The outcome of the interim leadership arrangement at the British Museum is expected within days, the PA news agency understands, after the institution’s director Hartwig Fischer announced his resignation.
Mr Fischer leaves the London museum as it emerged last week that items from its collection were found to be “missing, stolen or damaged”, prompting a police investigation.
The German art historian said the situation facing the museum was “of the utmost seriousness” and that responsibility for the failure “must ultimately rest with the director”.
The museum’s board of trustees accepted his resignation, with former chancellor George Osborne – chairman of trustees – saying Mr Fischer had “acted honourably” and that “no-one has ever doubted Hartwig’s integrity, his dedication to his job, or his love for the museum”.
The museum said Mr Fischer would step down “with immediate effect”, but later clarified he would step down once an interim leadership arrangement was in place.
In a statement on Friday, Mr Fischer admitted that the museum “did not respond as comprehensively as it should have in response to warnings in 2021” about the stolen artefacts.
“Over the last few days I have been reviewing in detail the events around the thefts from the British Museum and the investigation into them,” he said.
“It is evident that the British Museum did not respond as comprehensively as it should have in response to the warnings in 2021, and to the problem that has now fully emerged.
“The responsibility for that failure must ultimately rest with the director.”
Ittai Gradel, an author, academic and antiquities dealer, had previously alerted the museum to some of the stolen items, and told PA that claims he had withheld information from the institution was an “outright lie”.
“I was explicit in my communication with the BM (British Museum) that I was entirely at their disposal for any further information or assistance they would require. They never contacted me,” he said.
In his statement Mr Fischer said he had “misjudged the remarks I made earlier this week about Dr Gradel”.
“I wish to express my sincere regret and withdraw those remarks,” he said.
He continued: “I have offered my resignation to the chairman of the trustees, and will step down as soon as the board have established an interim leadership arrangement. This will remain in place until a new director is chosen.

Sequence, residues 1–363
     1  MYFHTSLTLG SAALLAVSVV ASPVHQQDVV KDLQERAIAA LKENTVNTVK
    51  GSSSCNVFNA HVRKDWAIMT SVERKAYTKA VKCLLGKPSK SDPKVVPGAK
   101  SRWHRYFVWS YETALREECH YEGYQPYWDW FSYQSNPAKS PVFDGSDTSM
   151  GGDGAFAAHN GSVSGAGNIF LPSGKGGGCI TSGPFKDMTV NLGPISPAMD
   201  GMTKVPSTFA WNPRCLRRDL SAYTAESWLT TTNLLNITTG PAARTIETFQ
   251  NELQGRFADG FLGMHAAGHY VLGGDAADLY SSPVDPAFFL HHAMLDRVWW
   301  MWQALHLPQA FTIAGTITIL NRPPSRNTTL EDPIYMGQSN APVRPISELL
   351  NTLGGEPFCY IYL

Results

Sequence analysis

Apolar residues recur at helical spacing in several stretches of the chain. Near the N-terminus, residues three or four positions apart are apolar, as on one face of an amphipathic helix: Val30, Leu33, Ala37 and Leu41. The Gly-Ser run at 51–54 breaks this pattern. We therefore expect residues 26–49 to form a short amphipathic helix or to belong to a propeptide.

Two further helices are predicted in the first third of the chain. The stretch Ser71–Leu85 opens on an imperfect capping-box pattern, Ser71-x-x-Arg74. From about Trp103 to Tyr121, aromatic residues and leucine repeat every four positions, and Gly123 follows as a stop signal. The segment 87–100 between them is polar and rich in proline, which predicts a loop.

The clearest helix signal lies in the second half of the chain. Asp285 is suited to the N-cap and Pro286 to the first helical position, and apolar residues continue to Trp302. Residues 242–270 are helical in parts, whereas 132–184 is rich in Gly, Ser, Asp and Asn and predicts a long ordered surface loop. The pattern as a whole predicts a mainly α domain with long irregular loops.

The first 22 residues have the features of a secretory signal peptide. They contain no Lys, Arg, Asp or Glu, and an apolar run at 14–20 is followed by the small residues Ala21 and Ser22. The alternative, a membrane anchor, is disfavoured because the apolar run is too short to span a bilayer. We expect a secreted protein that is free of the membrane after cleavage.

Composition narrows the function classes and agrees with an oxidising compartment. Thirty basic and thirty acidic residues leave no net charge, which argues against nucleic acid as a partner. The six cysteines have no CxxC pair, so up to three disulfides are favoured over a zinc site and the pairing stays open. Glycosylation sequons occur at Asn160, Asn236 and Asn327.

“The situation facing the museum is of the utmost seriousness. I sincerely believe it will come through this moment and emerge stronger, but sadly I have come to the conclusion that my presence is proving a distraction.
“That is the last thing I would want. Over the last seven years I have been privileged to work with some of the most talented and dedicated public servants.
“The British Museum is an amazing institution, and it has been the honour of my life to lead it.”
In July, Mr Fischer, who has been in the post since 2016, announced he would be stepping down next year.
In his own statement, Mr Osborne said: “Hartwig had already announced his intention to step down some weeks ago, so the process of finding a new permanent director is already under way.
“The Trustees will now establish an interim arrangement, ensuring that the museum has the necessary leadership to take it through this turbulent period as we learn the lessons of what went wrong, and use them to develop plans for a strong future.
“The Trustees also wish to thank the many many staff who work so hard for the museum and keep it running.
“I am clear about this: we are going to fix what has gone wrong. The museum has a mission that lasts across generations.
“We will learn, restore confidence and deserve to be admired once again.”
Tim Loughton, the chairman of the all-party parliamentary group on the British Museum, said he was sad to hear of Mr Fischer’s resignation as director.
Speaking to Times Radio, the MP said Mr Fischer had been a “really innovative and excellent director” over the last seven years.
Mr Loughton said: “This news in the last couple of weeks has obviously been very damaging and it’s been embarrassing, and it’s been taken very seriously by the director of all the trustees of the British Museum.
“But they’re also acting with one hand behind their back because the police have specifically asked the museum not to give out more information whilst there’s a police investigation going on.
“So Hartwig hasn’t really been able to give his side of the story or more details, but he’s decided to clearly do what he thinks is the honourable thing and to offer his resignation today ahead of when he was due to be standing down next year anyway.”
Mr Fischer’s resignation comes after the Metropolitan Police confirmed to PA on Thursday that a man had been interviewed by officers in connection with the alleged thefts.
The force said that no arrests had been made and it would continue to work “closely” with the British Museum as inquiries continue.
An unnamed member of staff has been sacked and the British Museum is taking legal action.
It is understood that the items – which include gold jewellery, gems of semi-precious stones and glass – were taken before 2023 and over a “significant” period of time.